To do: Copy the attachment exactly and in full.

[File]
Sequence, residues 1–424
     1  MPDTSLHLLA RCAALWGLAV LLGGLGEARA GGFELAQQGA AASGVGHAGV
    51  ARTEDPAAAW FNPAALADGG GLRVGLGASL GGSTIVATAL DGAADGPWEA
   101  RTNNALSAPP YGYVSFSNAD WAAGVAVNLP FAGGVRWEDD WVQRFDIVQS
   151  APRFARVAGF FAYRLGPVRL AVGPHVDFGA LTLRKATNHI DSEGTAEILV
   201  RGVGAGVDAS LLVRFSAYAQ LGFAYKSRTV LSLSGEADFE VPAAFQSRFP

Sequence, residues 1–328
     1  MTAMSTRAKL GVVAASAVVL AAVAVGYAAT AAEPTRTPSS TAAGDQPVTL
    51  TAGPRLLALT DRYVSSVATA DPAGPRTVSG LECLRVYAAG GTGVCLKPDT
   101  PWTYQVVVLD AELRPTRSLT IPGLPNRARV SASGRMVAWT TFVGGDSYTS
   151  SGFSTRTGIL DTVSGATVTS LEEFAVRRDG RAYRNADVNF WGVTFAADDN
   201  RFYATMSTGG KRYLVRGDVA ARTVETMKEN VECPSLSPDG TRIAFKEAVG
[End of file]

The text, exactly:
Sequence, residues 1–424
     1  MPDTSLHLLA RCAALWGLAV LLGGLGEARA GGFELAQQGA AASGVGHAGV
    51  ARTEDPAAAW FNPAALADGG GLRVGLGASL GGSTIVATAL DGAADGPWEA
   101  RTNNALSAPP YGYVSFSNAD WAAGVAVNLP FAGGVRWEDD WVQRFDIVQS
   151  APRFARVAGF FAYRLGPVRL AVGPHVDFGA LTLRKATNHI DSEGTAEILV
   201  RGVGAGVDAS LLVRFSAYAQ LGFAYKSRTV LSLSGEADFE VPAAFQSRFP

Sequence, residues 1–328
     1  MTAMSTRAKL GVVAASAVVL AAVAVGYAAT AAEPTRTPSS TAAGDQPVTL
    51  TAGPRLLALT DRYVSSVATA DPAGPRTVSG LECLRVYAAG GTGVCLKPDT
   101  PWTYQVVVLD AELRPTRSLT IPGLPNRARV SASGRMVAWT TFVGGDSYTS
   151  SGFSTRTGIL DTVSGATVTS LEEFAVRRDG RAYRNADVNF WGVTFAADDN
   201  RFYATMSTGG KRYLVRGDVA ARTVETMKEN VECPSLSPDG TRIAFKEAVG